In smoke-arresting apparatus comprising a flue for hot gaseous products of combustion, a heat-exchange tank containing a body of cooling water, a bank of heatexchange tubes submerged in said body of cooling water and connected to receive h-ot products of combustion from said fiue, whereby said products flowing through the heat-exchange tubes are partially cooled, a Water storage tank, a scrubbing unit mounted above said tanks and including a pool of water, said scrubbing unit comprising a container having a partition extending downwardly into said pool, with clearance adjacent the lower end of said partition for the flow of said products through the water from one side of the partition to the other, water sprays above the pool of water in said scrubbing unit, a pump having a delivery line for effecting the flow of water from the storage tank to the water sprays, a line for returning water from the scrubbing unit pool to the storage tank, a filter in the line of return flow from the scrubbing unit pool to the storage tank, said scrubbing unit having an inlet duct connected to receive on one side of said partition the products from said heat exchange-tubes, an outlet duct for leading products from said scrubbing unit on the other side of said partition, a spray-excluding bafiie mounted over the mouth of said outlet duct in said scrubbing unit, a motor-driven fan for propelling the products sequentially through said inlet duct, said heat exchange tubes, said pool of water in the scrubbing unit, and said outlet duct, and a container having means therein for filtering the products flowing through the outlet duct from the scrubbing unit.

References Cited in the file of this patent UNITED STATES PATENTS 748,432 Stanton Dec. 29, 1903 980,977 Little Jan. 10, 1911 1,336,905 Hunzicker Apr. 13, 1920 1,778,988 Stiefel Oct. 21, 1930 1,779,282 Louis Oct. 21, 1930 1,839,582 Nordhem Jan. 5, 1932 2,177,665 Loughrey Oct. 31, 1939 2,239,181 Smith Apr. 22, 194i 2,721,065 Ingram Oct. 18, 1955 2,756,976 Jalma July 31, 1956 FOREIGN PATENTS Great Britain June 22, 1934

Patent Citations
Cited PatentFiling datePublication dateApplicantTitle
US748432 *Oct 10, 1902Dec 29, 1903Charles Waldren StantonSmoke-consuming furnace.
US980977 *Jun 27, 1910Jan 10, 1911Paul C LittleVacuum cleaning apparatus.
US1336905 *Jun 7, 1919Apr 13, 1920Hunzicker Walter WMethod and apparatus for preventing and removing obstructions in fluid-pressure systems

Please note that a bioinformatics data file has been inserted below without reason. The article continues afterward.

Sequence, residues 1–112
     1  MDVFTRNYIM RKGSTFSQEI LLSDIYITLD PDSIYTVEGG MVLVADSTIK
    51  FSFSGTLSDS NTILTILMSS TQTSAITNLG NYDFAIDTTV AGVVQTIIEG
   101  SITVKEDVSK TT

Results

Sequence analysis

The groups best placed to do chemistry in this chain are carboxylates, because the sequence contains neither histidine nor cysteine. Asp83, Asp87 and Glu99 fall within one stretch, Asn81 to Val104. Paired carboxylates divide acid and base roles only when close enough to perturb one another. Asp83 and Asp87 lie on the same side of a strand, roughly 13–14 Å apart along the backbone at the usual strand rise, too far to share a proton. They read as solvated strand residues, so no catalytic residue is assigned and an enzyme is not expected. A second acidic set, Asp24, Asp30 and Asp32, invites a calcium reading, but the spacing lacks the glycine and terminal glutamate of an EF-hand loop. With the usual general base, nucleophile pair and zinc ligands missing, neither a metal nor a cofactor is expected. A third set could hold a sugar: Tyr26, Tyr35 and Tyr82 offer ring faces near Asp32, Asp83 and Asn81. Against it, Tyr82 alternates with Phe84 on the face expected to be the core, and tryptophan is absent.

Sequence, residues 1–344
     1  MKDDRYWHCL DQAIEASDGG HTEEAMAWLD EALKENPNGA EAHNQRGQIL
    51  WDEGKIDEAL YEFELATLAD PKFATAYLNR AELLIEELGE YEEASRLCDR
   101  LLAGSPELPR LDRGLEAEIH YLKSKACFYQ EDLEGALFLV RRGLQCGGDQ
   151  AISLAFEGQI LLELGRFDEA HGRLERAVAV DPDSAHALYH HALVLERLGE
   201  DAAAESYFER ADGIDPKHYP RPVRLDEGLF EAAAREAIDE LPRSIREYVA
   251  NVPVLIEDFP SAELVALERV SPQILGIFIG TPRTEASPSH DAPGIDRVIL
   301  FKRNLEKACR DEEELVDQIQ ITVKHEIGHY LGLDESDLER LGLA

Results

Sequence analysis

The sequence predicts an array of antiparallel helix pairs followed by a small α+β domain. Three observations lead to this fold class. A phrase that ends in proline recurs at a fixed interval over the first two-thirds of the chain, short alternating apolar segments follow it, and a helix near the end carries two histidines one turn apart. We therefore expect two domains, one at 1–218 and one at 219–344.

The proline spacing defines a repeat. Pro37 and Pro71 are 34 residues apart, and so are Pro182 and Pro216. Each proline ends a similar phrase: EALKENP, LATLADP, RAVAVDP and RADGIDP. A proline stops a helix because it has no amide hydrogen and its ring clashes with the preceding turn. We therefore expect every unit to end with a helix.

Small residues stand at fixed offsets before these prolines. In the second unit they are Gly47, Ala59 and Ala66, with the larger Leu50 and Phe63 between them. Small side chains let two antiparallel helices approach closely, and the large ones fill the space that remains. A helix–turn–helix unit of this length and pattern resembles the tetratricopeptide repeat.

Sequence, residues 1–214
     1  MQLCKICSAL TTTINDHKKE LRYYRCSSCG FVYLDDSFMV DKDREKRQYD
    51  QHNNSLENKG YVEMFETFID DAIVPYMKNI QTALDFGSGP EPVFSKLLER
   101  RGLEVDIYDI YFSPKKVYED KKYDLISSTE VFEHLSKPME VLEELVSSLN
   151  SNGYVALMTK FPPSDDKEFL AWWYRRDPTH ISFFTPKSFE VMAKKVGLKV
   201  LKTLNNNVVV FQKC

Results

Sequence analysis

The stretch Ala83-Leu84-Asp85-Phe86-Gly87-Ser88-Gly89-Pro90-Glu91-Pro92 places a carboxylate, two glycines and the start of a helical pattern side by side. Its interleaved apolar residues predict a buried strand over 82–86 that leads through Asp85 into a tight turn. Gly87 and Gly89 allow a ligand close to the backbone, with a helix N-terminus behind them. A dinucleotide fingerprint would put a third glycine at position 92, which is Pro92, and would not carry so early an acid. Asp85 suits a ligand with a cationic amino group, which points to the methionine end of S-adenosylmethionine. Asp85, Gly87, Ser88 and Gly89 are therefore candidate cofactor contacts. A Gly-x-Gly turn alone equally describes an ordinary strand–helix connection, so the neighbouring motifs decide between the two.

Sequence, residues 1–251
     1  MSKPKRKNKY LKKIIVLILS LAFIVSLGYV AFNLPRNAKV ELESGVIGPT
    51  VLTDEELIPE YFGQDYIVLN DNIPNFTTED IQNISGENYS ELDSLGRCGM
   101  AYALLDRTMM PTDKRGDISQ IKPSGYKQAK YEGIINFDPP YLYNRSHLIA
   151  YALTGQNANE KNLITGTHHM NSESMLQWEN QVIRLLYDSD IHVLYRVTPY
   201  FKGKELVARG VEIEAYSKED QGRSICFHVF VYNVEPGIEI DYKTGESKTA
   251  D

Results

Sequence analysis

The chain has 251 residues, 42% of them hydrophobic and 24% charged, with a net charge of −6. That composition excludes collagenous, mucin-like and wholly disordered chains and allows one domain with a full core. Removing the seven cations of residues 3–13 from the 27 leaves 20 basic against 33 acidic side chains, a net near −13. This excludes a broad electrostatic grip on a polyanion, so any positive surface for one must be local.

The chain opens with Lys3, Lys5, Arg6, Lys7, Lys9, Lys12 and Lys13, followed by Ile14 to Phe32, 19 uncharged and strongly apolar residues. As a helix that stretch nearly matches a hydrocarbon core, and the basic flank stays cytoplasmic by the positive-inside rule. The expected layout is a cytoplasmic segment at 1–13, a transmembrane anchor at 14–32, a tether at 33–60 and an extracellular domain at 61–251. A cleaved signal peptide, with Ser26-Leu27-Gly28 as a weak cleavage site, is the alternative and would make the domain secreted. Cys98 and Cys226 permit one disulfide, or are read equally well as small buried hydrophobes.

US1778988 *Sep 29, 1928Oct 21, 1930Ernst StiefelPlant for producing compressed air
US1779282 *Jan 29, 1927Oct 21, 1930Walter LouisBoiler-house smoke-disposal process
US1839582 *Jul 2, 1930Jan 5, 1932Wiking B NordhemVacuum cleaner
US2177665 *Jan 27, 1936Oct 31, 1939Loughrey Carl TMeans and method for removing volatiles from solids
US2239181 *Aug 25, 1938Apr 22, 1941Hill Smith ErnestProducer gas purifying apparatus
US2721065 *May 31, 1952Oct 18, 1955Walter J IngramBlast furnace pressure regulator
US2756976 *Aug 5, 1952Jul 31, 1956Michael M JalmaGas and liquid contact apparatus
GB412221A * Title not available
Referenced by
Citing PatentFiling datePublication dateApplicantTitle
US3125613 *Nov 8, 1960Mar 17, 1964 Mccartney
US3473299 *Dec 26, 1967Oct 21, 1969Jere EschInternal-combustion engine air filtering apparatus
US5147620 *Jun 8, 1989Sep 15, 1992Linko Enterprises, Inc.Process for the purification of gaseous streams
US7621991 *Jan 11, 2007Nov 24, 2009Ying Gang RuanExhaust gas cooler and particulate scrubbing system
US8580021 *Jun 28, 2011Nov 12, 2013Florencio A. McPhersonPortable air scrubber device
US20070245722 *Jan 11, 2007Oct 25, 2007Ruan Ying GExhaust gas cooler and particulate scrubbing system
US20130061757 *Sep 14, 2011Mar 14, 2013Abdulreidha A.T.A. AlsaffarSystem for decontaminating industrial output gases
Classifications
U.S. Classification96/240, 96/280, 261/122.1, 261/29, 134/57.00R, 261/115, 96/265, 96/352, 261/149
International ClassificationB01D47/02
Cooperative ClassificationB01D47/02
European ClassificationB01D47/02